2011 was an excellent year for historic preservation in the region, and here are some of the reasons why.
We started last week with a 3-2 vote by the city Preservation Board to uphold denial of demolition of the landmark corner building at the Pevely Dairy plant. This vote reflects extensive public engagement as well as the strong recommendation of the Cultural Resources Office’s new director, Betsy Bradley.
The city’s preservation ordinance – before an arcane and under appreciated law – has become an instrument with popular support, including the strong backing of Mayor Francis Slay. For the first time ever, there is a noticeable constituency for preservation in the city – and it is making a huge difference.
What may have been heated preservation battles have instead played out as indications of public support for retaining St. Louis’ architectural treasures. The owner of the Del Taco flying saucer backed off of plans for demolition, sparing a fight. The Preservation Board denied the demolition of a warehouse at Cupples Station with a unanimous vote. CVS can’t get aldermanic or neighborhood support for demolishing the AAA Building on Lindell Boulevard.
In the heart of Paul McKee, Jr.’s Northside Regeneration project, subject of much preservationist concern, we have progress. The heart of St. Louis Place became a historic district, and the developer has spent money stabilizing the James Clemens, Jr. House on Cass Avenue.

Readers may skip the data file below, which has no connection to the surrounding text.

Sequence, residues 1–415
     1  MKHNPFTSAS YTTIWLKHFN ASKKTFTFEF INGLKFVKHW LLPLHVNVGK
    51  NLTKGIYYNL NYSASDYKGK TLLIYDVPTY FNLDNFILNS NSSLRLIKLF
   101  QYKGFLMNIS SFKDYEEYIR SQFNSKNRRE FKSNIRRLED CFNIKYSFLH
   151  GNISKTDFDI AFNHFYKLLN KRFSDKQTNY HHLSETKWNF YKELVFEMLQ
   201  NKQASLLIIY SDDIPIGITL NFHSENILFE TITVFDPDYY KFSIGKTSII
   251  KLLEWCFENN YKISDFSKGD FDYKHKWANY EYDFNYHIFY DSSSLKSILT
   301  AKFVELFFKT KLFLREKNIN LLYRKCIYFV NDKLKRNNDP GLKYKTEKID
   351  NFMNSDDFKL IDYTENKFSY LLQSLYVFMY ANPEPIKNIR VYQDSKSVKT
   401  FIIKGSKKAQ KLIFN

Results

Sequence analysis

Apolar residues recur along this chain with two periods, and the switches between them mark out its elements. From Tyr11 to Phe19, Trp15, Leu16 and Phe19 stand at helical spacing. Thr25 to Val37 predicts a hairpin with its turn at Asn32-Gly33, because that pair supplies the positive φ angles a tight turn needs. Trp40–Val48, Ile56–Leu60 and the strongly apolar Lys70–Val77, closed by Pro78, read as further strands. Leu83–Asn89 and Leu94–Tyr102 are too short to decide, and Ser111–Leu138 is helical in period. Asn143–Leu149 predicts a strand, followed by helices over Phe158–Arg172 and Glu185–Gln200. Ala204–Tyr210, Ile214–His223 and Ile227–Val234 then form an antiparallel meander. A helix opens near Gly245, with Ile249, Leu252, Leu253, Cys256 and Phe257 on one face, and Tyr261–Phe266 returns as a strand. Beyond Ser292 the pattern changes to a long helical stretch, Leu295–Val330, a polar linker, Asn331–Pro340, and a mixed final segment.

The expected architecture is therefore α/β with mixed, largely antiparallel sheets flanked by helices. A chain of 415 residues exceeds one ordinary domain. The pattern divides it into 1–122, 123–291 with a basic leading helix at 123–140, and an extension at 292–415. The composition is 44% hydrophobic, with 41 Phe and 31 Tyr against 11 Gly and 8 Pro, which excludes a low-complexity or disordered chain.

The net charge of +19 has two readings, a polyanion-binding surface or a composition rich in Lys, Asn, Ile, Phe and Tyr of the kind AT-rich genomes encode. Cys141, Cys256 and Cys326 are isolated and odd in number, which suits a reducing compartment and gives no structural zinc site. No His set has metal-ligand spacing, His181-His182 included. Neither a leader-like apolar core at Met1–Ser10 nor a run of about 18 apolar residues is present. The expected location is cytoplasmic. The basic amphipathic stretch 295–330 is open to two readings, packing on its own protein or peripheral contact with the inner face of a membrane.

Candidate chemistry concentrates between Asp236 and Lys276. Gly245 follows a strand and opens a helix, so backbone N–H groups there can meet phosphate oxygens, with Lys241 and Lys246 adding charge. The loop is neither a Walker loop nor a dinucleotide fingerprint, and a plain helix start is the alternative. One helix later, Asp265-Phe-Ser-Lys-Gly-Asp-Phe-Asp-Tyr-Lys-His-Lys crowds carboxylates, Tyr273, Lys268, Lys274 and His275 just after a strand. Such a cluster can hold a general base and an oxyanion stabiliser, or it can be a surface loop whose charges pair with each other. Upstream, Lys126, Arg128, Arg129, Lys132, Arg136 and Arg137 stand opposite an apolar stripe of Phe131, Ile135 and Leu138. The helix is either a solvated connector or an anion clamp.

Meanwhile, the O’Fallon and Penrose neighborhoods are both in process of becoming national historic districts, representing the largest expansion of historic tax credit eligibility in north St. Louis. Scaffolding abounds across the city despite the recession.
Modern architecture has found an outpouring of interest across the region. There’s a new mid-century modern preservation group, ModernSTL, whose membership has created a network that spans the urban/suburban divide. Ranch house subdivisions in St. Louis County seem poised for a wave of historic district designations, with homeowners leading the charge.
What else? Thousands of people have seen intelligent, locally-made documentary films on the Pruitt-Igoe story and St. Louis brick. Illinois created a pilot historic tax credit program that includes the long-neglected historic buildings in downtown East St. Louis. Buildings we have lost, like Brownhurst in Kirkwood, went down after strong battles.
What is most remarkable is not the number of buildings saved, but the number of people for whom responsible stewardship of historic buildings is logical. This has been a good year because preservation has been more practice than preaching.
*Commentator Michael Allen is Director of the Preservation Research Office.
To hear more about A Good Year St. Louis, tune into St. Louis on the Air on Thursday, December 29th.